King Yen and Fish and Chips.
I wrote the little tale of life in Moshi below back in September I think. It came to mind this week for two reasons:
- Witnessing a female volunteer rebuff a street seller extremely rudely telling him to go away and leave her alone, she didn’t want to buy his stuff. He had only said hello, how are you.
- Preparing to cross the road (taking life in hands) and being stopped by a huge booming and melodic voice calling “hey Gill”. This was King Yen, he remembers my name from September last year.
With these two things on my mind I searched for the King Yen tale and decided to share it with you. If you can put aside your reserved, inhibited nature and be friendly to the street sellers they are a great source of help, assistance and fun. They are just trying to get by and in Moshi, they will respect you if you apologise for not being able to buy stuff because you are a volunteer. They will walk with you for the company, show you the way when you are lost and generally be good fun.
Ok yeah King Yen wants my phone number. So what, I just say Oh I’m sorry but I can’t give you that. You are my mate when I’m in town and that will have to do my friend. He guffaws (he really does have a hearty laugh and a booming, deep brown, melodic voice) and gives me a high-five and goes on his way.
My tale from September past:
I’m getting pretty confident in certain low-level conversational Swahili and one of my secret passions is the ad hoc conversations with the mamas on the dala dalas and the street sellers. Yep those guys that hassle you to buy something!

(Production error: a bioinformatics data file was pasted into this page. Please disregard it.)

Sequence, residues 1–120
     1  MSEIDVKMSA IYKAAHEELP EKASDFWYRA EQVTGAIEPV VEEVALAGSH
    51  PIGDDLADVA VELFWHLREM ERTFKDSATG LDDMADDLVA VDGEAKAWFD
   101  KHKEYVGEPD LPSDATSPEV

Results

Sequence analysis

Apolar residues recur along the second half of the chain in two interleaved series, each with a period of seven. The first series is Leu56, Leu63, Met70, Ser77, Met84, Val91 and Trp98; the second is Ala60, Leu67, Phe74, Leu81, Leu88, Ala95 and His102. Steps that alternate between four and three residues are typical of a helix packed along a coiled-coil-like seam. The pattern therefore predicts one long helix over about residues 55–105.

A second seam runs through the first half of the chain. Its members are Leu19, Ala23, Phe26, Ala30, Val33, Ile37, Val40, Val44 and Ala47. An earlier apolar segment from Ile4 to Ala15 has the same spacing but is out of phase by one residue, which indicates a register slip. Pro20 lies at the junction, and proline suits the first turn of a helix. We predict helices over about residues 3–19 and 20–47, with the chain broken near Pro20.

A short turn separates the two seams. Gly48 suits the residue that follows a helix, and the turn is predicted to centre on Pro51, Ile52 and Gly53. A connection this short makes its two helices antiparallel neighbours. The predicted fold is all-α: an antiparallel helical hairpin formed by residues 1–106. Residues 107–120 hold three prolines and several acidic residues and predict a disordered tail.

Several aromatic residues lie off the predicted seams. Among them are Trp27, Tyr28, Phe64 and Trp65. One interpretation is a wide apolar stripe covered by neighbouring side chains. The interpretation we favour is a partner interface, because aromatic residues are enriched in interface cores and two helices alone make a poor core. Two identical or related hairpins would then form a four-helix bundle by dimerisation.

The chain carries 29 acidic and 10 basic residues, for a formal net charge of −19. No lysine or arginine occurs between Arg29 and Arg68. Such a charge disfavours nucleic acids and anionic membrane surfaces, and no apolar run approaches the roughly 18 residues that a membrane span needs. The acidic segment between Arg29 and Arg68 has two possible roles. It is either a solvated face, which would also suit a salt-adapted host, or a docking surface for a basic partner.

This week found me at the side of the road belly laughing with a complete stranger whose name sounded something like King Yen but I’m sure that is far from correct. Oh and I mean belly laughing in a very public place. I roared.
King Yen had made the usual approach, he is somewhat huge with a mob of Rastafarian type hair and woolly hat, apart from that I didn’t much notice. I responded as always politely and greeting him respectfully with a how are you today? So we continued with the usual repartee and much praise for my Swahili from yet another street seller who can speak excellent English (self-taught I assure you).
The inevitable came and King Yen caught my attention by not assuming I am American as most do. Where are you from? As I said he had my attention a little more now and I even slowed my fast pace as I gave the usual I am from England. Before I could show off and announce But I lived in Spain for fifteen years, King Yen announced in a deep throaty voice “Aaahhh the land of fish and chips.” Well I simply cracked up. It was so unexpected in a scripted conversation and so out of context here in Tanzania!
Yeah I know most of you guys are not old enough to remember when fish and chips was England’s preferred dish but I am!
King Yen I salute you.